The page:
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Map of pain neurons may lead to more effective drugs for chronic pain

An analysis of gene activity in pain neurons could help identify the most promising drug targets and reveal how pain pathways differ between men and women

Health 16 February 2022

Light micrograph of a dorsal root ganglion stained with Cajal's silver nitrate. Near the rounded cell bodies of the pseudounipolar neurons the axons make several turns, forming Cajal's initial glomeruli.

A dorsal root ganglion, a cluster of nerve cell bodies, seen under a microscope

JOSE CALVO/SCIENCE PHOTO LIBRARY

A map of pain neurons in the body may help researchers develop more effective treatments for chronic pain. Alongside a second study that reveals the importance of an overlooked type of cell in the nervous system, the findings highlight how much we still have to learn about pain perception.

Chronic pain, defined as that lasting 12 weeks or more, affects between one-third and a half of all adults in the UK. Globally, about 70 per cent of the people it impacts are women. With the world’s population getting older, finding new treatments and therapies is becoming more urgent because chronic pain is more prevalent in older groups.

“A lot of pain studies have been conducted in mice and there’s been some lack of translation when it comes to looking for drug targets for humans,” says Diana Tavares-Ferreira at the University of Texas at Dallas.

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To learn more about the differences between species, she and her team mapped the pain neurons in eight deceased people who had donated their bodies to science and then compared these findings with data from mice and macaques.

Pain signals are carried by specialised neurons with fibres that spread throughout the body, but the main parts of these cells are in clusters called dorsal root ganglia.

“Many pain drug development projects are focused on targeting these peripheral neurons,” says Theodore Price at the University of Texas at Dallas, a co-author of the study. “These neurons are the source of pain for most chronic pain patients.”

The team used a method called spatial transcriptomics to determine which genes are active in each cell. This showed that pain receptors in humans seem to be geared to respond to all kinds of pain, such as heat or mechanical pain, whereas rodent pain receptors are more specific.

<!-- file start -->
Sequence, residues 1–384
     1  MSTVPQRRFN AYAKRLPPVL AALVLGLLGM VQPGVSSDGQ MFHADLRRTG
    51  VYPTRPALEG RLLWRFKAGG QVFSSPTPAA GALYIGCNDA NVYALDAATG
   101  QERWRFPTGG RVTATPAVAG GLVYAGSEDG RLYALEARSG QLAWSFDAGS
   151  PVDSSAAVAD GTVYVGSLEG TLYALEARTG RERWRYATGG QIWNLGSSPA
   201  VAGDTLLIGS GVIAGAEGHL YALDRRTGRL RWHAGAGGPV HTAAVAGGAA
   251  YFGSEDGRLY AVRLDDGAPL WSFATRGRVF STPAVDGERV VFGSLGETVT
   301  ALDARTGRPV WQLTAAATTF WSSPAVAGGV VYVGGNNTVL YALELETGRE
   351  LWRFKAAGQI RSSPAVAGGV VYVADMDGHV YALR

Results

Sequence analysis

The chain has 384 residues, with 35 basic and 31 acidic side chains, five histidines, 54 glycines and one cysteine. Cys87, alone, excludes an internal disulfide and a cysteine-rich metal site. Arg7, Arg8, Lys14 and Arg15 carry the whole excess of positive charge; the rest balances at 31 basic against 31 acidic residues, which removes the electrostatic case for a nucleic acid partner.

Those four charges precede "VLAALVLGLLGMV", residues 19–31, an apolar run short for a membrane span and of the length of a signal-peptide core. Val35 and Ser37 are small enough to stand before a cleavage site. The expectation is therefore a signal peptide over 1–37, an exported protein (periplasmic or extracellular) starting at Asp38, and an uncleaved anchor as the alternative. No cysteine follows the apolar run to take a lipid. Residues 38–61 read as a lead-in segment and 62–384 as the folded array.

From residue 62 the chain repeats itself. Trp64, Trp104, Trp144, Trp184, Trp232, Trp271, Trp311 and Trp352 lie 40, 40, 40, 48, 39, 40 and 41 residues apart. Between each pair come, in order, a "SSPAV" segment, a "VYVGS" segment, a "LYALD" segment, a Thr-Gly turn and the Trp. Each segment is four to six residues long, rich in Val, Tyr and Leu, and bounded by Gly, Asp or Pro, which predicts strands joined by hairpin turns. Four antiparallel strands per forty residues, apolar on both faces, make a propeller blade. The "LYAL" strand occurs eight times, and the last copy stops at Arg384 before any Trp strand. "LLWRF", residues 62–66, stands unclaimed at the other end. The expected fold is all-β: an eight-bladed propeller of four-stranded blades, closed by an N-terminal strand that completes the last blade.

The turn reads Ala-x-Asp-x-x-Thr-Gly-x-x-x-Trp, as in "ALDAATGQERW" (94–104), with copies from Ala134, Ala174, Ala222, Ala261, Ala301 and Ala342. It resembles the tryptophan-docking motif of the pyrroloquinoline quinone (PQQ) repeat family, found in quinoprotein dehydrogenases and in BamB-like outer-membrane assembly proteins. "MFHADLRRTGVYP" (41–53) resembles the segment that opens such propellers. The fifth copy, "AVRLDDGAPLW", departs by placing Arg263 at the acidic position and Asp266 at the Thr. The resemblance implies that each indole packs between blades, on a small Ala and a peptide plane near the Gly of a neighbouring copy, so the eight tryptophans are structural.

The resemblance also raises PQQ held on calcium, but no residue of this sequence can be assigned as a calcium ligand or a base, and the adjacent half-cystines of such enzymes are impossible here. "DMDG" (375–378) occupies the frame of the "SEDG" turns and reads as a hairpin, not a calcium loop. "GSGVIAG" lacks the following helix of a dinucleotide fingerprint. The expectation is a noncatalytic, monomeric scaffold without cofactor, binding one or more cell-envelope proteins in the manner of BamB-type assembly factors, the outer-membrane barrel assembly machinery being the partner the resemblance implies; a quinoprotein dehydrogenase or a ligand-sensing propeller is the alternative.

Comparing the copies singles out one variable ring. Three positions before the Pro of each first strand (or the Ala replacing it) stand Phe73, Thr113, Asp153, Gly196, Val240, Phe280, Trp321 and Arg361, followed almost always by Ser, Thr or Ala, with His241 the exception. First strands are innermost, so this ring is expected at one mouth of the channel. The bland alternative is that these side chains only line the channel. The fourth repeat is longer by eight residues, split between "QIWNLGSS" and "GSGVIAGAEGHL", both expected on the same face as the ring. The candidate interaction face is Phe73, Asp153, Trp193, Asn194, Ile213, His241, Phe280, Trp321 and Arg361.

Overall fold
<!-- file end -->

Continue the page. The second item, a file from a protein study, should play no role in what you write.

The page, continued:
Learning more about these differences will help in the pursuit of drug candidates that are more likely to work in humans, says Price. “This is hopefully the start of many studies which produce more atlases that help us better understand the molecular architecture of the pain system in humans,” he says.

The team also looked at sex differences in the human samples. “We found that there’s probably more differences in the underlying mechanisms that promote chronic pain between male and female humans compared to sex differences in rodent models,” says Price.

For example, the gene that encodes the protein CGRP was more active in clusters of neurons from women compared with men. “CGRP seems to be a major driver of migraines and migraines affect women three times as much as men,” says Price.

It is important to overcome our lack of knowledge on which proteins distinguish different pain receptors, says Peter McNaughton at King’s College London.

“Deciphering the critical proteins involved in generating different types of pain would be a considerable advance towards developing drugs to suppress chronic pain,” he says. “This study is among the first to use human sensory neurons. It is certain to act as a reference work – a sensory neuron atlas – for years to come.”

However, pain neurons aren’t the whole story. Earlier this month, another study, which has yet to be peer-reviewed, showed that another type of cell, called a Schwann cell, may play an important role in pain and touch perception, in addition to its better-known role of providing insulation around nerve fibres.

Gary Lewin at the Max Delbrück Center for Molecular Medicine in Berlin, Germany, and his colleagues genetically engineered mice so that a specific type of Schwann cell in their skin could be controlled using light. They found that Schwann cells were just as important to mechanical pain perception and touch as any sensory neuron in the mice.

“This study is exciting because it suggests we’ve missed a large proportion of what might actually be happening [in pain perception],” says Lewin. “No one’s been looking for pain therapy targets in this area.” Lewin is confident that Schwann cells will play a similar role in humans, but it is unclear what role they may play in chronic pain.

Although maps of sensory neurons won’t tell us everything we need to know about pain, Lewin says they are a good start. “They give us the tools to ask questions about what we should be targeting [with pain medication],” he says.

Journal reference: Science Translational Medicine, DOI: 10.1126/scitranslmed.abj8186

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